Can you imagine the look in kids eyes when they saw a 5.5 foot high rocket (Saturn V in HO scale) on a diorama/module. Might make them want to learn more about this great accomplishment in our history, and consider science futures, .... something we need more of in our future

  • Member since
    April, 2009
  • From: Staten Island NY
  • 1,373 posts
Posted by joe323 on Thursday, February 08, 2018 9:28 AM

railandsail

Can you imagine the look in kids eyes when they saw a 5.5 foot high rocket (Saturn V in HO scale) on a diorama/module. Might make them want to learn more about this great accomplishment in our history, and consider science futures, .... something we need more of in our future

 

yes I remember they sold plastic models about that size growing up.

Joe Staten Island West 

  • Member since
    February, 2008
  • From: Potomac Yard
  • 1,893 posts
Posted by NittanyLion on Thursday, February 08, 2018 9:48 AM

Saturn V stack is only four feet tall in HO scale. The Launch Umbilical Tower would be a hair over five.

The super huge lift vehicles are strange. They're both huge and small at the same time.

  • Member since
    January, 2014
  • 695 posts
Posted by ROBERT PETRICK on Thursday, February 08, 2018 9:54 AM

NittanyLion

Saturn V stack is only four feet tall in HO scale. The Launch Umbilical Tower would be a hair over five.

The super huge lift vehicles are strange. They're both huge and small at the same time.

True, but that's four or five feet starting at the floor. Put such a thing on even low benchwork and it tops out at eight or nine feet. Ceiling height in a tall room; too high for most basements. 

Robert 

LINK to SNSR Blog


  • Member since
    December, 2004
  • From: Rimrock, Arizona
  • 10,746 posts
Posted by SpaceMouse on Thursday, February 08, 2018 10:04 AM

railandsail
Can you imagine the look in kids eyes when they saw a 5.5 foot high rocket (Saturn V in HO scale) on a diorama/module

Kinda the look I'm gong for with my Rock Ridge Railroad in the Redwoods. I figure they should be plus feet high. I'm probably going to limit them to 2 feet. 

The Rock Ridge Credo:

Small trains, Big trees. 

Chip

Building the Rock Ridge Railroad with the slowest construction crew west of the Pecos.

  • Member since
    January, 2015
  • From: Southern California
  • 1,321 posts
Posted by Lone Wolf and Santa Fe on Thursday, February 08, 2018 12:52 PM

    Cape Canaveral is at sea level so I guess you could put it on the floor. Just kidding. But a scaled down version might work. When I was a kid in the 1970s I had an Apollo model which was close to HO scale. It might have been slightly smaller like 1/90. It had the capsule, the lunar lander and the stage the lunar lander was stored in. You could use something like that an not have all the stages.
    Another thought is that the space shuttle might be an idea because it wasn’t nearly as tall.

Modeling a fictional version of California set in the 1990s Lone Wolf and Santa Fe Railroad
  • Member since
    February, 2009
  • 825 posts
Posted by railandsail on Thursday, February 08, 2018 1:34 PM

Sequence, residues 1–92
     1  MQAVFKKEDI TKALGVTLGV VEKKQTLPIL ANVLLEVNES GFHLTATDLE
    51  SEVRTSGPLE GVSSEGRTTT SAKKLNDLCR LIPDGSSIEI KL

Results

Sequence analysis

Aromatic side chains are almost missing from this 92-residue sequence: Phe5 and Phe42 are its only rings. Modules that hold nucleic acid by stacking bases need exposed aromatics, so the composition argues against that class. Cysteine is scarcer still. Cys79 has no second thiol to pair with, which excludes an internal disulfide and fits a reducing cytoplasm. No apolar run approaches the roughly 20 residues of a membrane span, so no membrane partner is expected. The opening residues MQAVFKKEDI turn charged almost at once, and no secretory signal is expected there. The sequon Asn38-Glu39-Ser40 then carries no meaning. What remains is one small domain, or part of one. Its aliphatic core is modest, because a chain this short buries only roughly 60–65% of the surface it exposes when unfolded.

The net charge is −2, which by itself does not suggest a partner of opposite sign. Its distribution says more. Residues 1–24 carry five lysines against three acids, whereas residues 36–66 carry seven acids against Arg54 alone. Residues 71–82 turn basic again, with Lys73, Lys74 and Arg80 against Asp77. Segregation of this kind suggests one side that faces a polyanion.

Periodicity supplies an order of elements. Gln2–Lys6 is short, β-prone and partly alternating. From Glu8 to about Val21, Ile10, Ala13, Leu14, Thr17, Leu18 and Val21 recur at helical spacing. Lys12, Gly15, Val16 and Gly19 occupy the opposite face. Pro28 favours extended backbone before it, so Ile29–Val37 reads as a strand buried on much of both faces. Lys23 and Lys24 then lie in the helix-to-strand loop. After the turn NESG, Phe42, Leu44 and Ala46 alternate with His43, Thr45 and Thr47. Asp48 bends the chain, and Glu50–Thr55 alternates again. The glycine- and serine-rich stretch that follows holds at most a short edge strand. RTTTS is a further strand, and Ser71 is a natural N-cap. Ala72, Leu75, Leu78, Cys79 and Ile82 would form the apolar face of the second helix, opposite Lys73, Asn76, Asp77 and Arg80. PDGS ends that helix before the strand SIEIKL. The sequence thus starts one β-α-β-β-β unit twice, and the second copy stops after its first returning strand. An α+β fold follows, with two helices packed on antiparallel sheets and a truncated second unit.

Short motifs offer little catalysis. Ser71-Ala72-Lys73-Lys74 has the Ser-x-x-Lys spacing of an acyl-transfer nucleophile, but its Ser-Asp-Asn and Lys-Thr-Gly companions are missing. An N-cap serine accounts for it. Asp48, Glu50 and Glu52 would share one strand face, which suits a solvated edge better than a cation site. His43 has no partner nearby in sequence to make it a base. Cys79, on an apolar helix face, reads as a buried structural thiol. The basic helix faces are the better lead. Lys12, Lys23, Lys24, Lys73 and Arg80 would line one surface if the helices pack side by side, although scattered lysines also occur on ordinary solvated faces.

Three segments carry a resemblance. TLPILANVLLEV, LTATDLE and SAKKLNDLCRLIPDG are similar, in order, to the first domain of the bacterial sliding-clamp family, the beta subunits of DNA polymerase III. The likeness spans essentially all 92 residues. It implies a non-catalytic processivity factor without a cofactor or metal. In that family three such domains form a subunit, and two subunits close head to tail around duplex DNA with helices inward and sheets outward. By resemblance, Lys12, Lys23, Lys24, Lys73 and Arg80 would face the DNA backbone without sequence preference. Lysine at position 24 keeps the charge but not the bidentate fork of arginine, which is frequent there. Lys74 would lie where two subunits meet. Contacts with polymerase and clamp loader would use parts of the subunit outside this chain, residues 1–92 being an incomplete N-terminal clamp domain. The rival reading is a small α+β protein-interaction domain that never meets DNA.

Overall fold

Been so long ago I've forgotten were I came up with that +5' figure for the Atlas Saturn V rocket.  I think there was a model of this rocket that was somewhat close to HO scale, but long out of production at the time I was thinking of it originally, and certainly now. But a tall cylindrical rocket like that shouldn't be that difficult to model.

As far as ceiling heights I figure it should make a nice 'module' for the train shows circuit.

I once had the occasion to visit the old storage building for the Air & Space museum out in suburban MD. In that 'mess of stuff' I spotted a metal model of the the test stand utilized down in Alabama for the original testing of those BIG rocket engines on that Saturn V. It looked to be made of brass, and was in a sorry state of neglect and needing repair. But it appeared to be HO scale. I kept wondering how I might ever fanagle that item from them.

  • Member since
    August, 2003
  • From: Collinwood, Ohio, USA
  • 5,953 posts
Posted by gmpullman on Thursday, February 08, 2018 4:35 PM

If you decide to make a Crawler Transporter, which I'm sure you would want in order to move your launch platform around the layout, be sure to plan on a sound decoder for it.

Loksound already has you covered since it is powered by a pair of Alco 251-C diesels:

 Alco_Nasa by Edmund, on Flickr

That's the 251 on the left Whistling

Cheers, Ed

  • Member since
    May, 2010
  • 3,163 posts
Posted by mbinsewi on Thursday, February 08, 2018 5:10 PM

gmpullman
That's the 251 on the left Whistling

Oh OK!  Now I see it.  Missed it the first second and third times.  Smile, Wink & Grin

Mike.

  • Member since
    January, 2017
  • From: Southern Florida Gulf Coast
  • 2,559 posts
Posted by SeeYou190 on Thursday, February 08, 2018 9:26 PM

NASA should give me a call. We need to repower that beast with a pair of top-of-the-line QSK95 Tier 4 engines.

.

-Kevin

.

Happily modeling the STRATTON & GILLETTE RAILROAD located in a world of plausible nonsense set in August, 1954.

  • Member since
    February, 2009
  • 825 posts
Posted by railandsail on Friday, February 09, 2018 7:46 AM

Didn't think the rocket itself was going to be that difficult to model, but the support tower itself was going to be a bear.

  • Member since
    February, 2002
  • From: Reading, PA
  • 24,624 posts
Posted by rrinker on Friday, February 09, 2018 8:34 AM

 Scale size, the Saturn V and the crawler will pretty much fill your shed. I know the Lego Saturn V I put together is over 3' tall and it's much smalelr than HO scale. It's a HUGE piece of machinery - and yet the crawler is even BIGGER.